What do Susan Lucci, backyard ponds and karaoke bars have in common? They have each been a significant landmark of my weekend thus far. I feel I must admit that while I did actually see Ms. Lucci, at the time I wasn’t aware of exactly whom it was that I had seen in the carriage sitting across from the Queen of Saratoga, philanthropist, filthy rich and unendingly effervescent Marylou Whitney. I saw these fine ladies pass by from about a hundred feet away as I sat on the outside porch of a downtown restaurant. I had finished a long and arduous day in the garden on Friday, and I thought I’d treat myself to a night out. The town was celebrating the 150th anniversary of the track with a parade down Broadway and ice cream social at the Casino. The theme was a “Floral Fete” and the parade showcased bicycles, horse-drawn carriages and old-timey cars festooned in live flowers (the idea being they were decorated as they had been a century and a half ago when the races first began).

While I’d had in my mind the very intention of sitting outside at one particular restaurant, I had no idea the reality I’d be up against. Even as one lone diner I faced an hour’s wait. No matter, I gave the hostess my cell number and went to a bench out in front to read. Wendy, the gal who does my hair (and whom I give credit for my radical new blonde “I’m 50 and I’m worth it” highlights) was on the very bench, waiting, as I learned, to see her young granddaughter in the parade. We’d hardly chatted more than a few minutes when the hostess called my name. I had my front row seat! Had an good meal, an enjoyable margarita, and before long the parade had begun. The street was absolutely packed, and in just a few minutes the magic carriage was gliding past in front of me. All my life I’d heard of her – but never seen her with my own eyes. (My father loves to recount Marylou’s response to him when in the 1970s he’d asked her if she’d consider donating something to his Baroque Music festival: ‘I’m sorry, that’s not my bag, honey!’) So here she was. Marylou. And her junior husband beside her. And, as I learned later, Susan Lucci, her long-time racing buddy was in the carriage too. I snapped a couple of pictures, hoping to take a closer look later on. Marylou, nice. But Susan Lucci? Wow.

After my dinner I followed the throngs to Congress Park in hopes of hearing the Dixieland band. Met the leader just as they were going on to play. Gave him my cd and card. Told him how I missed the old music, and how I’d love to sing. He then told me they “were looking for a singer”. Really? Might I be so lucky? Indeed, this was the feel of my weekend thus far. I was in the stream of life, and so far things were going along nicely. Ran into Charlie, one of the handful of people I know in town (it was he who’d told me I’d just seen Ms. Lucci) and felt an even keener sense of things all happening with an element of magic. I snapped some pictures of young women strolling the park in 1890s costumes, took another swing around the beautiful park, then headed back to my car. The town was packed, and I’d had enough of humanity for the day.

Early Saturday morning I resumed my work outside and after a culmination of a good thirty hours’ of manual labor I had finally finished the hand-tilling of my side yard, I’d finished installing the edging for the garden beds (cutting, painting and drilling the lumber) and I’d completed the pond. This was a lot of work. A lot. Exhausted at the end of the afternoon, I sat surveying my work and realized that while it might have represented a supreme effort on my part, if I’d been a guy it might not have seemed such a big deal. And it occurred to me that maybe that wasn’t quite fair. It’s a lot of work, man or woman. Or was it? I’m not a very big gal, and these days not exceptionally strong, so to someone else this might have been just another day’s labor in the yard. But to me, my accomplishments took on an extra-triumphant feel. A ‘me against the world’ sort of victory. Maybe if I was a guy I wouldn’t be quite so satisfied – or impressed – with my work.  But regardless of the gender question, a job had been done – and it was one I never could have afforded to pay someone else to do for me. So what if the timbers didn’t end up being quite plumb after the soil went in? And even if the pond didn’t quite fill as I’d hoped, even after checking it over and over again with a level – so what? At least it was done, and finally, after five years here, the entry to my home didn’t look trashy anymore. No longer would I hope the view would excuse the mess outside my door. Finally.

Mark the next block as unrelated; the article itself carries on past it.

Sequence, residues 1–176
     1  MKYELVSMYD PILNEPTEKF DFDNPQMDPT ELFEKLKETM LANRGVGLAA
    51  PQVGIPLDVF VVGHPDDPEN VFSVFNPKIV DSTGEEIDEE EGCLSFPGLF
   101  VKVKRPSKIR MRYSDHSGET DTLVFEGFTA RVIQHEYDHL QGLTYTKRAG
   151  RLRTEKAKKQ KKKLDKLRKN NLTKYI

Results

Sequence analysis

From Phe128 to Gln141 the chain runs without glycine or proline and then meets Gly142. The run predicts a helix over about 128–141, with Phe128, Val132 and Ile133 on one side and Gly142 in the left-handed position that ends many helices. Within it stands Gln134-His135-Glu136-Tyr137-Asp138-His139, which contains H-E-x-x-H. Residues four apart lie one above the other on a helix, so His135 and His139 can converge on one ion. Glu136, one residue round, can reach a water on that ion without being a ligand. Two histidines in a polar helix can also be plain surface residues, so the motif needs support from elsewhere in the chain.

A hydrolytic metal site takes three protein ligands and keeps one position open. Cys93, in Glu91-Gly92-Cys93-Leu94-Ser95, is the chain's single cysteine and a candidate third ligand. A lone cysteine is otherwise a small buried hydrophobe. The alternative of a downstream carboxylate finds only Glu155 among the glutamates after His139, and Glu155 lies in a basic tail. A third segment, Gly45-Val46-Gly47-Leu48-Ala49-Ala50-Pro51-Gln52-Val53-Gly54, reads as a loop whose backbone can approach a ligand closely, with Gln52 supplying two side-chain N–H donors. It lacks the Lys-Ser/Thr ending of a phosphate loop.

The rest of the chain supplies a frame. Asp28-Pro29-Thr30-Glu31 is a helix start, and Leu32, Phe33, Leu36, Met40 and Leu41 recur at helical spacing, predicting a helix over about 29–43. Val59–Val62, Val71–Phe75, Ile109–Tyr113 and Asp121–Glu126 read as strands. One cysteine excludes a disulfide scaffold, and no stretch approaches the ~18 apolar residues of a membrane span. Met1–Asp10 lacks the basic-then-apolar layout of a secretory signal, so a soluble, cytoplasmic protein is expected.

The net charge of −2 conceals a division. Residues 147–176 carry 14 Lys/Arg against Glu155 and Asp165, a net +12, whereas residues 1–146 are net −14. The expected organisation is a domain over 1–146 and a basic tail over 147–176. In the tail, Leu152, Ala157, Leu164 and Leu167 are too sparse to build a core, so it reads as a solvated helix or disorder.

Armed with a little remaining value on a gift card for another downtown restaurant, I was able to justify a second night out. I knew that there was a pianist playing at the joint, and I was vaguely aware of a karaoke night at another place down the street. Might not be the Saturday night of days past, but it was something. Turns out I had the most wonderful dinner I’d had in months, and also enjoyed the company of the gentleman who’d been playing piano – as I was the last guest in the dining room. I invited him to share my table, and he told me stories of when he’d played the swingin old joints in Saratoga Lake back in the late ’40s. Thoroughly enjoyed my meal and the company. Finished up and headed out to the karaoke place down the street. Never having sung karaoke out in public I was hesitant at first to jump in, but forced myself to enter the club and find a place at the bar. I perused the song books and thankfully found my hopeful tune. Surprisingly I didn’t have to wait too long before I was called up. I sang. I so enjoyed singing. Thought I sounded good, too. But I learned three important things about karaoke. One, you gotta sing for the demographic of the room. Otherwise, no one gives a shit. Two, you can’t sing too well. (Same effect as for point number one.) And three, while they ask you “what key” you’d like your song in, that doesn’t seem to count either. You get what you get. Good thing I’ve sung plenty of male charts and have routinely had to break up melody lines, going up or down an octave to make it work. I can deal. But still, why ask if you don’t intend on delivering? All that aside, and in spite of my unfamiliarity with the culture of karaoke, I enjoyed myself immensely. And honestly, I wasn’t singing to connect, or to make anyone feel my message. I was singing for purely selfish reasons. Cuz I love to sing, and I don’t get many opportunities to do so these days… Who cares if no one knew “Fooled Around and Fell In Love”? I’m a singer of classic, American popular songs, not a pop or a blues singer. Just to be able to sing something out of my usual purview was pure joy.